Saliva Collection

Two sampling methods are used to collect saliva: sampling using absorbent oral swabs, and sampling by passive drool, in which saliva is allowed to pool in the mouth, and gently forced through a sampling tube into a collection vial.

The passive drool method is seen as the “gold standard” for sampling as it allows visual measurement of the volume collected, and as a sampling method it does not interfere with any of the Salimetrics assays. Conversely, cotton-based swabs have been shown to interfere with the measurement of several analytes, leading to inaccurate results. The SalivaBio swabs supplied by Salimetrics are made using a proprietary polymer which does not cause the same problems as cotton, and have been validated for use with many assays. They are therefore a superior method to use for many analytes, but are unfortunately still not suitable for use with all analytes. For a table of analytes that have been validated for collection with SalivaBio oral swabs when tested with Salimetrics Salivary Assay Kits, please contact us, or follow this link.

Automated Testing

Automated testing at Anglia Ruskin Biomarker Analysis Laboratory requires a greater volume of saliva than ‘manual’ testing using normal multichannel pipettes. The volumes given in the assay kit manual for your analyte will NOT be sufficient for automated testing. Longer sampling times for swab collection are also strongly advised when performing automated testing –see below for details – and if you are new to swab collection, we recommend you try some pilot collections to check the volume obtained before you start sampling for your project.

Low sample volume?

Anglia Ruskin Biomarker Analysis Laboratory can perform manual testing.  If you have samples that are expected to be low-volume (e.g. from dogs, neonates, or participants who are expected to have xerostomia (dry-mouth)) please inform us when you ask for your quote.

Need help with collection methods?

Comparison of Collection Methods



Assay Interference


Monitoring collected volume



Mouth location



Intended Usage



Sample quality




Flow rate effects



Participant burden






Passive drool

Does not interfere with ELISA-based assays if using suitable collection devices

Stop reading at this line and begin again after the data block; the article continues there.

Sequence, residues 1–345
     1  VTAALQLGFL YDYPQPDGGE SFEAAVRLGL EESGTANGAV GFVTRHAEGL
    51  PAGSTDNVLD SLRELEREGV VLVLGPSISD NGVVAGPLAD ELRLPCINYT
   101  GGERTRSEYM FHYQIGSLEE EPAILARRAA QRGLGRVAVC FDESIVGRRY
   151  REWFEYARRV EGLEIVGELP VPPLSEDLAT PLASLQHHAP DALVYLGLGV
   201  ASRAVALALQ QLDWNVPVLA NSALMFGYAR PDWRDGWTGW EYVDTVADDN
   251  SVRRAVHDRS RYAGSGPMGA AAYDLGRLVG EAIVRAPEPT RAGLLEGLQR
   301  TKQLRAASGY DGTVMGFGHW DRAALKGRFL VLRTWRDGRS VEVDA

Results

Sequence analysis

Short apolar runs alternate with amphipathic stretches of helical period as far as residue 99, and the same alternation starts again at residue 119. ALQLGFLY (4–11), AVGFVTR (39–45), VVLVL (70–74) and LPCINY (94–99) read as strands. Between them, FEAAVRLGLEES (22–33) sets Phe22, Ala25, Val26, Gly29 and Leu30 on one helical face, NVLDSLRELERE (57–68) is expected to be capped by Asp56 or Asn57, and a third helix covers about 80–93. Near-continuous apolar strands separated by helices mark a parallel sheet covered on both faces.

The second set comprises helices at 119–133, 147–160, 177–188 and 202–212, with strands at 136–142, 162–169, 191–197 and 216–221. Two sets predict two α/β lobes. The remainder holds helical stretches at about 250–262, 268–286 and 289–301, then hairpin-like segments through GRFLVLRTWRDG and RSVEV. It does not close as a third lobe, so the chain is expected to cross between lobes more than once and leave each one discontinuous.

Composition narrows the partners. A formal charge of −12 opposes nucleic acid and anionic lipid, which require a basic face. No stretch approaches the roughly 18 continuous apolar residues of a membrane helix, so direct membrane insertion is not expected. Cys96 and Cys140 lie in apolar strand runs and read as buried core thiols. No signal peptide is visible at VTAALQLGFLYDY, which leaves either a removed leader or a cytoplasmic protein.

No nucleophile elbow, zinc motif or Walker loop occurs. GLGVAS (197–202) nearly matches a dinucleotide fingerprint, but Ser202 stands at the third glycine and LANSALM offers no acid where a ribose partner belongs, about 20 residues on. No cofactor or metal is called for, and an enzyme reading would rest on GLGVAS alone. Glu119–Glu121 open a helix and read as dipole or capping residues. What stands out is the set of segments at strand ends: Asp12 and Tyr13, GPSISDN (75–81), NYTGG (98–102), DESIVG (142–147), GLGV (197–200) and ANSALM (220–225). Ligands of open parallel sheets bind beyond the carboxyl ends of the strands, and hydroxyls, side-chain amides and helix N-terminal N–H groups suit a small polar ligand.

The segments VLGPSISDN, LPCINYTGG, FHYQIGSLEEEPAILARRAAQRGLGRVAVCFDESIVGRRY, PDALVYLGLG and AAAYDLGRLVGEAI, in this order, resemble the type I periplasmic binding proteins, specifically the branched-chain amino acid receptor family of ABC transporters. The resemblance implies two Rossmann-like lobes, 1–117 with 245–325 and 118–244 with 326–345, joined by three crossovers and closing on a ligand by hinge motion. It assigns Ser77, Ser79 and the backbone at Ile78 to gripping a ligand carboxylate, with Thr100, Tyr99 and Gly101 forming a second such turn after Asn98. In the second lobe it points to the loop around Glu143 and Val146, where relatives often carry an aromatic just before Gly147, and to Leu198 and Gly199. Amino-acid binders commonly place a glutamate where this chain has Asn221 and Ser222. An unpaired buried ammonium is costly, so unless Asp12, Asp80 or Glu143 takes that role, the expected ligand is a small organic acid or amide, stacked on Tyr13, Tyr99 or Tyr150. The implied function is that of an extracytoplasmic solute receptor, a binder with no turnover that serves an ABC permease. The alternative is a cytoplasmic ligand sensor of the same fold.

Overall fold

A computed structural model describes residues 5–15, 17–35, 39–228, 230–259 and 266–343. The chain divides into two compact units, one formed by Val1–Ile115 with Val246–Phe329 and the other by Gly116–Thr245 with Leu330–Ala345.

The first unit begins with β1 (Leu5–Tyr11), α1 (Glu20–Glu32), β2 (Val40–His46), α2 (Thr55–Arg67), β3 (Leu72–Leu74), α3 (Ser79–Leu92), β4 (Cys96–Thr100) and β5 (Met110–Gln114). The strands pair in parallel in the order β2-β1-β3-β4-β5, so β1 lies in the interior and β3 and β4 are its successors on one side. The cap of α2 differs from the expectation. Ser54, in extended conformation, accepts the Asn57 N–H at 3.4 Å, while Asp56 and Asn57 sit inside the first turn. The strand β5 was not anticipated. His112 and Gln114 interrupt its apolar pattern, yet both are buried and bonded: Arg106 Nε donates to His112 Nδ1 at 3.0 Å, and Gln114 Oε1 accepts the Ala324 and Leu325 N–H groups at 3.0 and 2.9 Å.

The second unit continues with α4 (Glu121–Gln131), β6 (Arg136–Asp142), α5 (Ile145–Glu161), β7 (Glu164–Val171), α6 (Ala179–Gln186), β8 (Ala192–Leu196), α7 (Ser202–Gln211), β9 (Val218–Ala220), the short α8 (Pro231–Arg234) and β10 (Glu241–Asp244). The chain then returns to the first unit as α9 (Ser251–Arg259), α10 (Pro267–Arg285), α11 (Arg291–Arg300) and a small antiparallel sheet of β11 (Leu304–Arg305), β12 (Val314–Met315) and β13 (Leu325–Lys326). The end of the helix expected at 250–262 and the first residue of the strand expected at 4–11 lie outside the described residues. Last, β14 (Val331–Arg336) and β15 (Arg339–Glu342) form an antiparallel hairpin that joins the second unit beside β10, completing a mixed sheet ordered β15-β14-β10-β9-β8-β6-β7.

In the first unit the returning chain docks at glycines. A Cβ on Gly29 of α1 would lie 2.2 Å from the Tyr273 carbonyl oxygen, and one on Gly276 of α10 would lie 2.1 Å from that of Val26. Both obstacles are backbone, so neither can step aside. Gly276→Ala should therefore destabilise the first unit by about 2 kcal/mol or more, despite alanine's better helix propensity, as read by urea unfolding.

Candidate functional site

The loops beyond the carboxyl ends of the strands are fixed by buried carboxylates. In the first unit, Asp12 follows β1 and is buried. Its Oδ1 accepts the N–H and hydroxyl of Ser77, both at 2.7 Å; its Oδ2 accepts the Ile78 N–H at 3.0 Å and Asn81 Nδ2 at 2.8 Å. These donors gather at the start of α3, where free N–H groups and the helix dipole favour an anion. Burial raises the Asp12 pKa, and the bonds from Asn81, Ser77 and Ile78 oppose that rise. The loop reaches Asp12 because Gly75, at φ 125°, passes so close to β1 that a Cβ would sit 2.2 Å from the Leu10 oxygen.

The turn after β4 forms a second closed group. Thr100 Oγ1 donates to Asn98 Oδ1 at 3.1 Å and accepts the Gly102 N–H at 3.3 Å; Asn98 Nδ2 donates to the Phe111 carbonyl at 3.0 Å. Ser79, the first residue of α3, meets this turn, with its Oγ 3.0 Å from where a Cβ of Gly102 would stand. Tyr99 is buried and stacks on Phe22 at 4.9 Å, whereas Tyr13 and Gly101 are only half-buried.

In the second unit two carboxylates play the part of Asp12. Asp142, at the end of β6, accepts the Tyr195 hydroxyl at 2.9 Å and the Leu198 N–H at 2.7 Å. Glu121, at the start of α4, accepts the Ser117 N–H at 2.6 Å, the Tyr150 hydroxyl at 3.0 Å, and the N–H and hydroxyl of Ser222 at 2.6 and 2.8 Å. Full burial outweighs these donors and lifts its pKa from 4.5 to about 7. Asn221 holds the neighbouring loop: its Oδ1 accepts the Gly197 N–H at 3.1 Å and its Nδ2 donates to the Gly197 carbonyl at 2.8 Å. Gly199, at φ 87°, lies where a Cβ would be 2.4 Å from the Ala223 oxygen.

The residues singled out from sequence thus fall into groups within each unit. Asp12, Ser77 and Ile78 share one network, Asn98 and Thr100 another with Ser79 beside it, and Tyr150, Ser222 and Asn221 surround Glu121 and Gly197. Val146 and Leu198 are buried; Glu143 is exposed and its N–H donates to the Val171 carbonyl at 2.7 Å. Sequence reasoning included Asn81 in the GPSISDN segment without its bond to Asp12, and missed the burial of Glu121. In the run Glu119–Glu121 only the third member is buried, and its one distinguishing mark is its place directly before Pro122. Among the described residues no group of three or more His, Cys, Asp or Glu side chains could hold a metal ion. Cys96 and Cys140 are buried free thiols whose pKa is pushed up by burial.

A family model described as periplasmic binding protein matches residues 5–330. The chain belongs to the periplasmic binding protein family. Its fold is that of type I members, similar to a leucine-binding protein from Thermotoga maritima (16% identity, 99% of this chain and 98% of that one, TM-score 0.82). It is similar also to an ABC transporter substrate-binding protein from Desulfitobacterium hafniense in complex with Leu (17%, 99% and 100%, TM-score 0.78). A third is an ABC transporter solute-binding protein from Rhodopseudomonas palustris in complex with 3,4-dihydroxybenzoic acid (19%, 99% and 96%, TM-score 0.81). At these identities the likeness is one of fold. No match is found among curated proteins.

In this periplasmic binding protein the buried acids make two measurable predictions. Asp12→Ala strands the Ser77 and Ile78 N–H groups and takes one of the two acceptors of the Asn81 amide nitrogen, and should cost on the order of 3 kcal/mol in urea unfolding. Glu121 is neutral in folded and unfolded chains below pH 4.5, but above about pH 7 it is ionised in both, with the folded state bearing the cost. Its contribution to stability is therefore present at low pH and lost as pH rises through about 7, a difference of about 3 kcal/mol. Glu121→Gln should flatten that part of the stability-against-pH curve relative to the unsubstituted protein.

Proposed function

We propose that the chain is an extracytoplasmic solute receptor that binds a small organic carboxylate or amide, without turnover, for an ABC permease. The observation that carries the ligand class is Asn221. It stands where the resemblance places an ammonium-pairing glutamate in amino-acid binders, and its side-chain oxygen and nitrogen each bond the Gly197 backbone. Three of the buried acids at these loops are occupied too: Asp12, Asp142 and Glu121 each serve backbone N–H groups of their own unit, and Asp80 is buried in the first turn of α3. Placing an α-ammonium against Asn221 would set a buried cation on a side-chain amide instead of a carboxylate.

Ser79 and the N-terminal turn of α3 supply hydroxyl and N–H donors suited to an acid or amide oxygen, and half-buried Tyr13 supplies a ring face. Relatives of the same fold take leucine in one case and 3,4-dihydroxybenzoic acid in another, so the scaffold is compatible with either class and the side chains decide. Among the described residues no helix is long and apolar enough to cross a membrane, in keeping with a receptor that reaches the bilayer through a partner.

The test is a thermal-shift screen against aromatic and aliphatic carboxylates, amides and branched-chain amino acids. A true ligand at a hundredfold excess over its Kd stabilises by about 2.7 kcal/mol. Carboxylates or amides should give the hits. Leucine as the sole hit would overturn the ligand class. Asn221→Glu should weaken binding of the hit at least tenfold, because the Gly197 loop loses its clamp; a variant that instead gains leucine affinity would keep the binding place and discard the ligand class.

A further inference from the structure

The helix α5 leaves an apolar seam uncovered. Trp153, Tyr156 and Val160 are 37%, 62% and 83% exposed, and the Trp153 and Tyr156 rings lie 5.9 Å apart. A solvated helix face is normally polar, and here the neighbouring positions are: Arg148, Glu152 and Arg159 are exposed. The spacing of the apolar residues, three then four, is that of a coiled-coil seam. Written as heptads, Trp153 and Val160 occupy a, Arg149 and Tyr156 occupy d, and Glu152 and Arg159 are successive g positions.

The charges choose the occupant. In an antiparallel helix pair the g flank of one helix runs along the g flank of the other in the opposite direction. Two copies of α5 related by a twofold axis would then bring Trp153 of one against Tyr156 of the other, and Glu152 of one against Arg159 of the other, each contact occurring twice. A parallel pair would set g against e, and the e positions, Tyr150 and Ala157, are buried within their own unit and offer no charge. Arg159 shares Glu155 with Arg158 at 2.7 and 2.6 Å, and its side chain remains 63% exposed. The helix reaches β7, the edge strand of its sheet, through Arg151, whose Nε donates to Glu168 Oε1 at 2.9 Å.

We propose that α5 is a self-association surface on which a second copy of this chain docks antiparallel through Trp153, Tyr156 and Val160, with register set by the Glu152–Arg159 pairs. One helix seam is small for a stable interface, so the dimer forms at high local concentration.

The volume of collected saliva can easily be visually confirmed – ideal for flow-rate measurement

Differences in analyte concentration at different mouth locations are not a consideration for passive drool, but you cannot use it to collect from specific mouth locations.

Cannot be used in animals or infants, difficult to use in children <6

Sample is more viscous with more particulate, making handling more difficult & potentially giving higher %CVs in testing. A greater volume is needed for accurate pipetting.

Passive flow – sampling can take longer, putting more burden on participants. It is much easier to measure flow rate using passive drool.  

Can be seen as unpleasant by participants. The SalivaBio Saliva Collection Aid (SCA) has been designed to partially overcome this issue and increase compliance.

Cryovials can be conveniently stored at -20°C/ -80°C without volume loss by evaporation.

Salimetrics Oral Swabs

Can interfere with ELISA-based assays for certain analytes. (Contact us)

The volume of saliva collected can only be confirmed accurately by weighing before and after sampling.

Mouth location must be specified & controlled for swab collection, but you can also use swabs to collect from specific mouth locations.

SalivaBio Infant Swabs (SCS) and SalivaBio Childrens’ Swabs can be used by researchers to collect saliva from infants and children. SCS are popular to use when collecting from animals

Sample is less viscous with less particulate, giving easier handling of lower volumes & potentially lower %CVs in testing.

Stimulated flow – Sampling takes less time, but when measuring flow rate you must be careful not to fully saturate swabs, and can only monitor collected volume by weight.
More convenient, lower burden.

More convenient, lower burden.

Swab storage tubes must be sealed with parafilm and stored in an air-tight container if stored for longer than 3 months at -20°C/ -80°C